The Michigan Engineer News Center

U-M INFORMS Student Chapter and Wesley J. Marrero awarded at INFORMS Annual Meeting

At the recent INFORMS Annual Meeting, the U-M INFORMS student chapter and U-M IOE PhD student, Wesley J. Marrero, were recognized for their work in operations research and the management sciences.| Short Read

INFORMS at U-M wins the 2020 INFORMS Student Chapter Annual Award

The INFORMS Student Chapter at U-M won the 2020 INFORMS Student Chapter Annual Award at the summa cum laude level. This award is presented to exceptional student chapters each year to recognize their achievements and to motivate them to perform well. INFORMS at U-M has received the Student Chapter Annual Award each year since 2013.

“I’m so excited to hear our chapter earned this recognition for a second year,” said Anna White, U-M Industrial and Operations Engineering (IOE) PhD student and president of the INFORMS Student Chapter at U-M. “We all put a lot of effort into making fun and helpful events for our chapter members, so it’s great to see everyone’s work recognized at the conference among other chapters.”

 “I'm so excited to hear our chapter earned this recognition for a second year. We all put a lot of effort into making fun and helpful events for our chapter members, so it's great to see everyone's work recognized at the conference among other chapters.”Anna White, PhD Student, U-M Industrial & Operations Engineering

This is the second consecutive year that the student chapter has been recognized with this award.

Wesley J. Marrero receives the Judith Liebman award

U-M IOE PhD student Wesley J. Marrero has received the Judith Liebman Award (2020) from INFORMS. The purpose of this award is to recognize volunteers who have made outstanding and sustained contributions to their student chapters.

“I am truly honored to receive this award. It is my hope that the INFORMS at U-M Pro-Bono Initiative creates a bridge between INFORMS at U-M and the community for years to come,” he said.

“I am truly honored to receive this award. It is my hope that the INFORMS at U-M Pro-Bono Initiative creates a bridge between INFORMS at U-M and the community for years to come."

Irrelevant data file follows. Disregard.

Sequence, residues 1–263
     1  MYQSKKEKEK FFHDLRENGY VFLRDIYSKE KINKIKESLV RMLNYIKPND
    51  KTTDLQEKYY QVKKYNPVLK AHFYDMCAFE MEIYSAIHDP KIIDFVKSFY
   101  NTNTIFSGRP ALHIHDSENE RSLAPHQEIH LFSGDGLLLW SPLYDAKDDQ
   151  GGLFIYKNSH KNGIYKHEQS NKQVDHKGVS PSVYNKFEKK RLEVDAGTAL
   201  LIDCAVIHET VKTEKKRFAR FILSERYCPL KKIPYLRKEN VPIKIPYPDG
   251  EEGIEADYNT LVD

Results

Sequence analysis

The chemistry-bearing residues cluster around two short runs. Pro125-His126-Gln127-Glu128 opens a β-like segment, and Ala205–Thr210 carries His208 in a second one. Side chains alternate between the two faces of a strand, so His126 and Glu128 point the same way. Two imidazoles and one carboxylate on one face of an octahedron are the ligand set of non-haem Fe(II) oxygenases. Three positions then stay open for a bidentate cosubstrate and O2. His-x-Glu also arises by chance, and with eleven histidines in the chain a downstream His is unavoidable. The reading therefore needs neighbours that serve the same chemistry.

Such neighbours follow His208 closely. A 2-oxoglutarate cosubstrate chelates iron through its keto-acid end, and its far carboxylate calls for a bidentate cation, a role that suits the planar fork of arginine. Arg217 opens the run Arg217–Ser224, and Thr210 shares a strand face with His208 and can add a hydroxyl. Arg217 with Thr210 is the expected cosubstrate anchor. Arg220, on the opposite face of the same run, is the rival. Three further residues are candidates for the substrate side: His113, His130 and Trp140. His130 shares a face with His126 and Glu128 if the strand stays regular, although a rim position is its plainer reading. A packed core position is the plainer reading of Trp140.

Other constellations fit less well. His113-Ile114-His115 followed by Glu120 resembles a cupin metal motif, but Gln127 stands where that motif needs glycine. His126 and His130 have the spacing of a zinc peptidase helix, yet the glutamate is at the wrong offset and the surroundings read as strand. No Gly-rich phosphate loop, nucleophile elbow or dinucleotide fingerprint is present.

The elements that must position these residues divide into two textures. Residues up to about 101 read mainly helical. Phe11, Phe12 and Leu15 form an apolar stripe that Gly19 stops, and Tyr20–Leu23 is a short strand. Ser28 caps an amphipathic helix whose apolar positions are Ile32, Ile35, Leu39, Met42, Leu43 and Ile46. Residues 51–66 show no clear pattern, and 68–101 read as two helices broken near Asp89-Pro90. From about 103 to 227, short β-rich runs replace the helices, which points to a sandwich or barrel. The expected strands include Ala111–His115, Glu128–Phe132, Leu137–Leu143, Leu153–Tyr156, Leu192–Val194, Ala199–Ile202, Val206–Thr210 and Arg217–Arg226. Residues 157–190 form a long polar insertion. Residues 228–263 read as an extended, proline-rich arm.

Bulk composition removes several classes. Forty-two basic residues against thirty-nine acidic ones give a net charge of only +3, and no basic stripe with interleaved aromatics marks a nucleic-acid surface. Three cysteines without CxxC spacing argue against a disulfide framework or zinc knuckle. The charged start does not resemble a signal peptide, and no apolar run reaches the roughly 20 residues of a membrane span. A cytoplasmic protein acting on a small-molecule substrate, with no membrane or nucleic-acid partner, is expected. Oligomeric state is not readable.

Wesley J. Marrero, PhD Student, U-M Industrial & Operations Engineering

The Pro Bono group of INFORMS at U-M is an initiative that aims to provide support in scheduling, resource allocation, continuous improvement, optimization, and decision analysis to organizations in communities that otherwise would not have the resources to afford it.

Marrero’s research interests lie at the intersection of operations research and statistics with an emphasis on stochastic simulation and optimization to support decision-making in practice. His current research addresses healthcare applications from a population and patient perspective.

Additional recognition within the U-M IOE community

U-M IOE undergraduate students Sadie Cox and Emmett Spring each received INFORMS undergraduate scholarship awards. The scholarship program aims to foster the professional pipeline of operations research, management science, and analytics researchers.

About INFORMS

INFORMS is an international organization dedicated to promoting the best practices and advances in operations research, management science and analytics to improve operational processes, decision-making and outcomes. Each year, INFORMS hosts an annual meeting that allows more than 6,000 INFORMS members, students, prospective employers and employees, and academic and industry experts to connect and to recognize outstanding research in the community.

Researchers
The electrons absorb laser light and set up “momentum combs” (the hills) spanning the energy valleys within the material (the red line). When the electrons have an energy allowed by the quantum mechanical structure of the material—and also touch the edge of the valley—they emit light. This is why some teeth of the combs are bright and some are dark. By measuring the emitted light and precisely locating its source, the research mapped out the energy valleys in a 2D crystal of tungsten diselenide. Credit: Markus Borsch, Quantum Science Theory Lab, University of Michigan.

Mapping quantum structures with light to unlock their capabilities

Rather than installing new “2D” semiconductors in devices to see what they can do, this new method puts them through their paces with lasers and light detectors. | Medium Read